Wednesday, July 1, 2015

Review: Tongue & Groove's "Unspoken"

By Toby Zinman

Review: Tongue & Groove's "Unspoken"


By Toby Zinman

For the Inquirer

"This show has never been seen before and will never be seen again." This  is how Bobbi Block, founder of the improv company Tongue & Groove, introduces "Unspoken," a 75-minute show that will be created before our eyes and will be based on audience submissions: every show is a one-of-a-kind.

She is joined onstage by the talented troupe, all improv veterans, many of whom have surprising day jobs: Beth Dougherty, Noah Herman, Ed Miller, Fred Siegel, and Carrie Spaulding. Slightly offstage is Carol Moog whose harmonica both accompanies the scenes and lets the performers know when a scene has come to its natural conclusion or has worn out its welcome.

It begins with 3x5 cards we're each asked to fill out, with either a text message that contains "juicy" words or an unexpressed desire. Each member of the group will then choose a card, pair up with another actor, and create a narrative. Sometimes the stories are funny (9th grade rehearsal of a production of Romeo and Juliet), sometimes sad (a wise woman who has been hired to take care of an old man), sometimes smart, sometimes not. Many are about sex-- the easy go-to topic if you want laughs or shock; the best of these is about a guy whose experience has been "vanilla" and is now dating "strap-on-Zelda." The frequent device, which doesn't always make sense, is that they are texting or e-mailing their conversations.

It is fascinating to watch the scenes weave through each other, often creating surprising relationships between characters from different stories, as themes emerge (dissatisfied women) and family portraits (adult children and their parents).

This is "reality-based, serio-comic, spontaneous theater" and sometimes it is  dazzling to watch these actors come up with excellent lines and strategies (Fred Siegel, Beth Dougherty and Carrie Spaulding are especially adept at this). But sometimes the show made me feel—as improv often does (mea culpa, mea culpa)-- that this is why the world needs playwrights.


Tongue & Groove at the Playground at the Adrienne, 2030 Sansom St. Friday at 7:30 and Saturday at 5 p.m. Tickets: $12. Information:

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About this blog

Toby Zinman's night job since 2006 is theater critic for the Inquirer where she reviews New York and London as well as Philadelphia. Her day job: Prize-winning prof at UArts, author of five books about modern and contemporary drama, and doer of scholarly deeds (winner of five NEH grants, Fulbright lecturer at Tel Aviv University, visiting professor in China). She was recently named by American Theatre magazine "one of the twelve most influential critics in America."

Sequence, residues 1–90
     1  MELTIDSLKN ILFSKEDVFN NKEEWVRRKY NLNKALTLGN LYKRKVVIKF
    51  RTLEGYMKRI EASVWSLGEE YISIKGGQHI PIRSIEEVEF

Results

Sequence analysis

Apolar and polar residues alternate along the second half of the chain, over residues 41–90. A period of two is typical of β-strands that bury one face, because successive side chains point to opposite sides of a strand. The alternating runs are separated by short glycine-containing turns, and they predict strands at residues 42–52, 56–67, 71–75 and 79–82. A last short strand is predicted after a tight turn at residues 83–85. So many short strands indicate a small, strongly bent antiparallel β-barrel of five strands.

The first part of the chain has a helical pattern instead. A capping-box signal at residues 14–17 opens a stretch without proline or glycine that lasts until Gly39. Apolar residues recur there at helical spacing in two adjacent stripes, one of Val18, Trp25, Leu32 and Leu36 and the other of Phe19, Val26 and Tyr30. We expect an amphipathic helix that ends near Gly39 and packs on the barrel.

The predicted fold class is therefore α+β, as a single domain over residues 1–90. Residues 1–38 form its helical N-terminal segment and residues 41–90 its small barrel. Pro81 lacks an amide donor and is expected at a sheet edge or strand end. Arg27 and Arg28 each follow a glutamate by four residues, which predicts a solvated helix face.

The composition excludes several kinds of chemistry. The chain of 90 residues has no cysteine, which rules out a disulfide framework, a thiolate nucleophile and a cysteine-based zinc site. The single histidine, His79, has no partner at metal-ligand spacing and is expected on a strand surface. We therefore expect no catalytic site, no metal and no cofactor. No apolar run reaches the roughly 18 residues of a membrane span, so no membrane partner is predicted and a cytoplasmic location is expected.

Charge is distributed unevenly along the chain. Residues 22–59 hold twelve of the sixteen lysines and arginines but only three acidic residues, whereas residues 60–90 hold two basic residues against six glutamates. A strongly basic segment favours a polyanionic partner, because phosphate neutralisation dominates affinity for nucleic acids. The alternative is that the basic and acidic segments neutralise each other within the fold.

Wendy Rosenfield has written freelance features and theater reviews for The Inquirer since 2006. She was theater critic for the Philadelphia Weekly from 1995 to 2001, after which she enjoyed a five-year baby-raising sabbatical. She serves on the board of the American Theatre Critics Association, was a participant in the Bennington Writer's Workshop, a 2008 NEA/USC Fellow in Theater and Musical Theater, and twice was guest critic for the Kennedy Center American College Theater Festival's Region II National Critics Institute. She received her B.A. from Bennington College and her M.L.A. from the University of Pennsylvania. She also is a fiction writer, was proofreader to a swami, publications editor for the Women's International League for Peace and Freedom, and spends all her free time working out and driving people places. Follow her on Twitter @WendyRosenfield.

Jim Rutter has reviewed theater for The Inquirer since September, 2011. Since 2006, he covered dance, theater and opera for the Broad Street Review, and has also written for many suburban newspapers, including The Main Line Times. In 2009, the National Endowment for the Arts awarded him a Fellowship in Arts Journalism. Thames & Hudson released his updated and revised version of Ballet and Modern Dance in June, 2012. From 1998 to 2005, he taught philosophy and logic at Drexel, and then Widener University. He also coaches Olympic Weightlifting for Liberty Barbell, and has competed at the national level in that sport since 2001.

Merilyn Jackson regularly writes on dance for The Inquirer and other publications. She specializes in the arts, literature, food, travel, and Eastern European culture and politics. In 2001, she was dance critic in residence at the Festival of Contemporary Dance in Bytom, Poland; in 2005, she received an NEA Critics’ Fellowship to Duke University’s Institute for Dance Criticism. She likes to say that dance was her first love but that when she discovered writing she began to cheat on dance. Now that she writes about dance, she’s made an honest woman of herself, although she also writes poetry.

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